Hitler, founder of the Third Reich, admirer of imperial Rome, yet aware that the ancient Germans were never Romanized and were traditionally regarded by the Romans as enemies of the Pax Romana, developed architecture in the neo-classic style and erected edifices as cult sites for the Nazi party a type of Victory Altar borrowed from the alleged racial ancestors of the Germans – the Greeks. His dilemma was that because of his admiration for the Classical cultures of the ancient Mediterranean, he could not isolate and politicize German antiquity, as Mussolini had done with respect to Roman antiquity. Therefore he had to import political symbols into Germany and justify their presence on the grounds of a spurious racial ancestry, the myth that Greeks and the Romans were the ancestors of the Germans.” ……
…and….
….”Most Nazi Architecture was neither novel in style nor concept; it was not supposed to be. Even a cursory inspection of what was intended for Berlin finds analogues all over the world. Long boulevards with important buildings along them can be found in the grid pattern road structures of Washington and New York, the Mall and Whitehall in London, and the boulevards of Paris. Large domes can be found on the buildings of the Mughal Empire of India, the Capitol in Washington, the Pantheon and Basilica di San Pietro in Rome. Even the ‘Kraft durch Freude’ “Strength through Joy” resort at Prora is not wholly unlike the buildings envisaged by Le Corbusier in his ‘City of Three Million Inhabitants’. The building of a formal governmental zone outside the center of an old city or totally on its own had become commonplace by the 1930s. This is not to say their plans were simply an attempt to copy others, but that they were following a pattern already established in human society. The forms used may have been inspired by other city redevelopment plans like Lutyens Delhi, Burnham’s Chicago or even Burley Griffin’s Canberra, but they were not an attempt to copy them. The Nazis sought not to rebuild, but to build.”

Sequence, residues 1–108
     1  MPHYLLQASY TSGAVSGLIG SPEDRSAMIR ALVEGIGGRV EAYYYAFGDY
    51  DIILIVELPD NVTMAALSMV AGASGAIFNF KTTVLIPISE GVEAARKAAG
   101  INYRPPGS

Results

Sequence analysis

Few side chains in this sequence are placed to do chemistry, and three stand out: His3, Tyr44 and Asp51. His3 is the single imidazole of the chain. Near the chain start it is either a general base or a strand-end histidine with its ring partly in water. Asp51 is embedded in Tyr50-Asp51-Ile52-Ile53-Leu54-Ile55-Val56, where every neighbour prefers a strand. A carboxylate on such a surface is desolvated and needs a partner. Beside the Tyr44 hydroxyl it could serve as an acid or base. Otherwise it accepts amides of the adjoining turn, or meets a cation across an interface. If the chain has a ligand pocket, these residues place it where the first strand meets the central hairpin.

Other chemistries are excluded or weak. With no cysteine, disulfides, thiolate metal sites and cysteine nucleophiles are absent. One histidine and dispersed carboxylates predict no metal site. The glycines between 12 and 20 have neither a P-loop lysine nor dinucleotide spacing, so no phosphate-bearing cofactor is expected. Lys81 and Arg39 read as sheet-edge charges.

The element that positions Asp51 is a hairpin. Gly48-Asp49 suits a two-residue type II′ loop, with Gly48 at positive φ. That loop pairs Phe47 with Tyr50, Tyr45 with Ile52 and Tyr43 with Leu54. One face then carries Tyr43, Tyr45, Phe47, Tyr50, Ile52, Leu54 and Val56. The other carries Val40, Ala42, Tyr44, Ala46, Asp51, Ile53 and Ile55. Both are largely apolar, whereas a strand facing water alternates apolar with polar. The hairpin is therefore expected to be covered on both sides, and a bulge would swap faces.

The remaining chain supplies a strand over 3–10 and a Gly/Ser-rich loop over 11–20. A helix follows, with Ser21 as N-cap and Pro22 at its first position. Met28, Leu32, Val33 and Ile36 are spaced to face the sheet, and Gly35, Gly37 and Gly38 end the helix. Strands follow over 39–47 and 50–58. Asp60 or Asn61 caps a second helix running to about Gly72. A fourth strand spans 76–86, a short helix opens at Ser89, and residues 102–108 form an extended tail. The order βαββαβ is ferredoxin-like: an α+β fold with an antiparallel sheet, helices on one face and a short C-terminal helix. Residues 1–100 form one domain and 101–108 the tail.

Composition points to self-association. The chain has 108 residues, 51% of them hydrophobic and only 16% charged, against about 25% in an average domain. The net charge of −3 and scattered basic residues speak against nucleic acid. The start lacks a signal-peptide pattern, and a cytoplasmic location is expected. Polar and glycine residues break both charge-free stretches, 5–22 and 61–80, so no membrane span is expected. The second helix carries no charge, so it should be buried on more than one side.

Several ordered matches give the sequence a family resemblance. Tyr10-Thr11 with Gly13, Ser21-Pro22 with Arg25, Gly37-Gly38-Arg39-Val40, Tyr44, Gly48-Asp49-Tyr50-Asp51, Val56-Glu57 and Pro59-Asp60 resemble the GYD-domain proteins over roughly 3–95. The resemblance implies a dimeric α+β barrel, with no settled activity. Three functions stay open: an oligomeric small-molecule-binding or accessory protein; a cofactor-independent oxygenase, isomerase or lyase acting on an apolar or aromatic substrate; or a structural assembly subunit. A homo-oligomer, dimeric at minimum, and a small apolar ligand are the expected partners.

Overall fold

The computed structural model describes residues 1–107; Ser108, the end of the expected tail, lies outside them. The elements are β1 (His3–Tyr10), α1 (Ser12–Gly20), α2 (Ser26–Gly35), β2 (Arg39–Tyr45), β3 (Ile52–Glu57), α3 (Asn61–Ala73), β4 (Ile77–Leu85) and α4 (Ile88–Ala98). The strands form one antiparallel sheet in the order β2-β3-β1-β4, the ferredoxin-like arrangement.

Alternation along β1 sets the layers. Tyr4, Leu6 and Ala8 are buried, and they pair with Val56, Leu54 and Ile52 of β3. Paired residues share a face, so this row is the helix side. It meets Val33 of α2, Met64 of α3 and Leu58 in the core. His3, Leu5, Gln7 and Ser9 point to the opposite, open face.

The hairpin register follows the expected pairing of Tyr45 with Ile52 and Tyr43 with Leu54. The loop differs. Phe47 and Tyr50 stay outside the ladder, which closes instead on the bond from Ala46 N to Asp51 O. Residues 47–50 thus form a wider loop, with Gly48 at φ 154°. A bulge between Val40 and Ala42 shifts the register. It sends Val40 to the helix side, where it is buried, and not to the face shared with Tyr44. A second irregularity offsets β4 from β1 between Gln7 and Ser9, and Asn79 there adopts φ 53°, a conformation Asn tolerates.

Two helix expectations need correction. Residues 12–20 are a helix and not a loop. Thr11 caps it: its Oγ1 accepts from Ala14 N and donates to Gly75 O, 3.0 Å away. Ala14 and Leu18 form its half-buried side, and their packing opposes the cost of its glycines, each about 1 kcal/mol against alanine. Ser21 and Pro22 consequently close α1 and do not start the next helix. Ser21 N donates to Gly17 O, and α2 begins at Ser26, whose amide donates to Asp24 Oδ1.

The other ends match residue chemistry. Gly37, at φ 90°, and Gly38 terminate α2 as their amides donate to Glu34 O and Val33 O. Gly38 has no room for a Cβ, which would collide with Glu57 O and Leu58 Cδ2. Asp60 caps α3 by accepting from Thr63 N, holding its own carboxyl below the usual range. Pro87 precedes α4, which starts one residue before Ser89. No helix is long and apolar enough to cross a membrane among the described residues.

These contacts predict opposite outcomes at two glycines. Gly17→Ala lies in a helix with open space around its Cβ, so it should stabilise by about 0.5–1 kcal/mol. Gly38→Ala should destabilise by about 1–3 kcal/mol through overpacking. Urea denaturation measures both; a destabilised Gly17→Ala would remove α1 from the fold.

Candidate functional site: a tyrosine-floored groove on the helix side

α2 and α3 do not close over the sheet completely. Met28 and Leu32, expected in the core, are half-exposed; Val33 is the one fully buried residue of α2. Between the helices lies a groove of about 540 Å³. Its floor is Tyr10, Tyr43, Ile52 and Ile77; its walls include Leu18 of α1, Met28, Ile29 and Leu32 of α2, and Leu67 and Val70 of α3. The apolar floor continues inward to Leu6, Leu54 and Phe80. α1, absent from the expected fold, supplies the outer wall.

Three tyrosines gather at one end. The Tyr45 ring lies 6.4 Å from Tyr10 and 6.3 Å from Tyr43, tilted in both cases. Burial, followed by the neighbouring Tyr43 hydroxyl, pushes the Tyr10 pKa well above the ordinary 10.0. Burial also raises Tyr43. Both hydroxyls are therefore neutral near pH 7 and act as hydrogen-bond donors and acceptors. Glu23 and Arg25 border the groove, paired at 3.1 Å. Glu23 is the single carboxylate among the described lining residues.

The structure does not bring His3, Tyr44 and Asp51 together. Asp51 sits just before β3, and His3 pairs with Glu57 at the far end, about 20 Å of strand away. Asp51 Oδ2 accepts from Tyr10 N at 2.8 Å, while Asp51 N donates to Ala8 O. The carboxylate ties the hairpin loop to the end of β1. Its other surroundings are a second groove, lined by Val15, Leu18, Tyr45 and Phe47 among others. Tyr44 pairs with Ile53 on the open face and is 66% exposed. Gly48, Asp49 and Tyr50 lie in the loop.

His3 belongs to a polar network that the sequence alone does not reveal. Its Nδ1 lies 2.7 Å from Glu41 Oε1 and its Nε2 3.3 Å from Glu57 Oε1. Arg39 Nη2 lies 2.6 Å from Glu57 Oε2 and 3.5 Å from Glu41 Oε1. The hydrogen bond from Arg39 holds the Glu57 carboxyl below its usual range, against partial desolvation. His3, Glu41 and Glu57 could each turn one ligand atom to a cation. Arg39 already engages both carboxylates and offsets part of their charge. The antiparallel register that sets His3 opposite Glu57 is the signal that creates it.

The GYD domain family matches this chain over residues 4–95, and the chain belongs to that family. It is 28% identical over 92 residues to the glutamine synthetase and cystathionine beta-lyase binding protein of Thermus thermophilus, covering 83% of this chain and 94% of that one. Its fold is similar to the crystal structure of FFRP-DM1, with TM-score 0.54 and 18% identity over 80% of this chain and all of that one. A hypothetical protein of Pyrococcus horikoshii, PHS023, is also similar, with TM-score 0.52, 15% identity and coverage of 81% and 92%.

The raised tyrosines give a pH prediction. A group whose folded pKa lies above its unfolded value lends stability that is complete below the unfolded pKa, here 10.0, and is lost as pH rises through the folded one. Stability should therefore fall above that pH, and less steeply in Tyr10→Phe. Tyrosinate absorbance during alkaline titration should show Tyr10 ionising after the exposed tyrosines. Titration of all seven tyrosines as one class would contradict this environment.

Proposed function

m-d
19 - 03 - 09

Maximus – I don’t think jayseatee has denied the facts as they exist, just the literal juxtaposition of the various regimes, whether accurate in the context or not. There is no argument against that kind of sentimentality in this case… despite it smacking of a revisionist historical approach. However, I will concede that my use of the word ‘authority’ could easily have been misread/misconstrued to have meant ‘authoritarian’ – which would have been an appropriate point to begin the discussion, rather than attack my intentions (which should only be done by someone who knows me and that fact that I am an architectural historian who is actually undertaking research that seeks to align NZ’s architectural culture much closer to that of the US than is currently considered to be the case. In fact, of my colleagues (US colleagues included), I am probably one of the most sympathetic to the US – well, at least I put recent events down to stupidity rather than willful ‘diabolicism’…)

But enough of that.

jayseatee also makes a very salient point in his/her most recent comment – one at the root of our own Supreme Court problem. What we have is a result of the fact that no one really agrees on what a supreme court in contemporary NZ should state. Should it be power and authority? Should it be a friendly/benign transparency? Should it represent the highest achievement of local architectural development? Should it simply fit into its context without too much ado? Should it have bars over the windows to indicate the probable destination of its defendants? (Oh wait… it has…). If the current building lacks an emphatic message, that might well be an indictment on either its client, perhaps the NZ architectural profession, or even the state of culture in NZ more generally, rather than the architects in charge of the project…

Thus I concur with jayseatee – before we get too carried away with aesthetics, we need to deal with the fundamental issue that lies behind it…

jayseatee
19 - 03 - 09